In an otherwise wide spread response of elation and hope I was the only one to publicly stand out with my contrarian views, many a time being viewed as cynical or negative and not giving an opportunity for positive developments to take place. Those who were positive should not hold a grudge now when I say that it takes more than positive thinking to make ideas work. And if the fundamentals are wrong no amount of positive thinking can ever help. 

Like I say going for a ban in the current state of SWM in Maharashtra is like attempting a Phd even before clearing kindergarden. A number of urban local bodies cannot even be considered born when it comes to their grasp of the most basic of laws of the land and how to apply them. And we could see it well in Mumbai itself with silly and stop gap measures abounding but no serious engagement. 

For those without a background, I have had a deep engagement with the subject over a long time in Mumbai having worked on the ground and with government through two decades. That engagement provides deeper insight into what works and what doesn’t. It would be good to apply energy on what works rather than on optics, which certainly does not work as much it gives excellent short term returns to a number of stakeholders, not just the politicians.

Below the introductory commentary to this post I am collating all the instances of speaking with the print and electronic media and speaking out my firm and direct criticism of the ban and a few times in panel with the Minister himself who was so enthusiastically championing the ban.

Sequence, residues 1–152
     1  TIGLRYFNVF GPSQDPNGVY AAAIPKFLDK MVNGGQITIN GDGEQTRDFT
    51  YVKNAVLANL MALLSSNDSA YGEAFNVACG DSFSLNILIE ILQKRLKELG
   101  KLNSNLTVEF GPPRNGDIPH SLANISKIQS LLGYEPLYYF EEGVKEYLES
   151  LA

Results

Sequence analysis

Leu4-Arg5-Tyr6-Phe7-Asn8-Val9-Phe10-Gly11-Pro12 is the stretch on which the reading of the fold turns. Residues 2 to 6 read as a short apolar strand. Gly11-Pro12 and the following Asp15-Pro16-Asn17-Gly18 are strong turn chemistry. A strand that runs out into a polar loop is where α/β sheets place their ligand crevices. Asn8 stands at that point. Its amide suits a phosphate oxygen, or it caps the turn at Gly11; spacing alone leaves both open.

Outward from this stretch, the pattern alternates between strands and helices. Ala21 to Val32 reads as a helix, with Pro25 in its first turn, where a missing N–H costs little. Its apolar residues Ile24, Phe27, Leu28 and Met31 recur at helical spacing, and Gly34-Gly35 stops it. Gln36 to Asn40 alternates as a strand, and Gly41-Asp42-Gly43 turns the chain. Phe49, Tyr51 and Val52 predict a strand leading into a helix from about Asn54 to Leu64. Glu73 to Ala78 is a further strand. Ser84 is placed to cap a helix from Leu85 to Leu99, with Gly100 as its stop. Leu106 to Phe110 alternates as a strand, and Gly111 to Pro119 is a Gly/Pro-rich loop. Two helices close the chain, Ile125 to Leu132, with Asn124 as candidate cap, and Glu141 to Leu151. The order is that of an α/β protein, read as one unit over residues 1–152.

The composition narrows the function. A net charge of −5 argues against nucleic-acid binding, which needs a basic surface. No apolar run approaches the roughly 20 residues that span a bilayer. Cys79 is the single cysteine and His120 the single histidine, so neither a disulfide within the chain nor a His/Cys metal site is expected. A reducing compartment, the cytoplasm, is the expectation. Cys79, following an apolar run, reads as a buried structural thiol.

We saw elation in a number of quarters about the ban. A lot of it clearly from people who are part of the political coterie and obliged to halo everything that their party/government does irrespective of (and without any concern for outcome or the environmental consequences) the merits.

Yet others were naive, others plain lazy and wanting to see some good come (and relief for their souls tired of only hearing bad news on the environmental front) without much application of mind. And then those who would like to just go with the flow and be on good terms with the establishment; and that really is such a huge segment in India to almost be the whole.

And the media treading very cautiously. Giving space for somebody like me but also trying to show the government in a positive light as trying to do some good. And if at all then not making any critical remarks on its own, always having someone like me to do the hard hitting.

All in all within less than a year of the formal government notification of the ban, the ban has fallen flat on the more simplistic and visible of its aims – the complete stop on use of the lowly plastic carry bag. Firstly the nomenclature itself was much faulty, was it a plastic carry bag ban or a plastic ban?

Whatever be the case, this another instance of the plastic ban failing is a sad commentary on the state of affairs of environmental governance in Mumbai/Maharashtra. But not very surprising. At a time when we need to be urgent and sincere towards such a serious issue we still have time to be frivolous like this.

In the same year and time as the ban, I came up with the idea of Safai Bank of India, nurtured it within Mumbai Sustainability Centre and the program has firmly established itself in a short duration as a powerful and effective means to handle the waste emerging from millions of biscuit and snack packets sold in multi-layered packaging. This is also in keeping with the laws which enforce Extended Producer Responsibility.  There are no incubation facilities for individuals and ideas which deliver.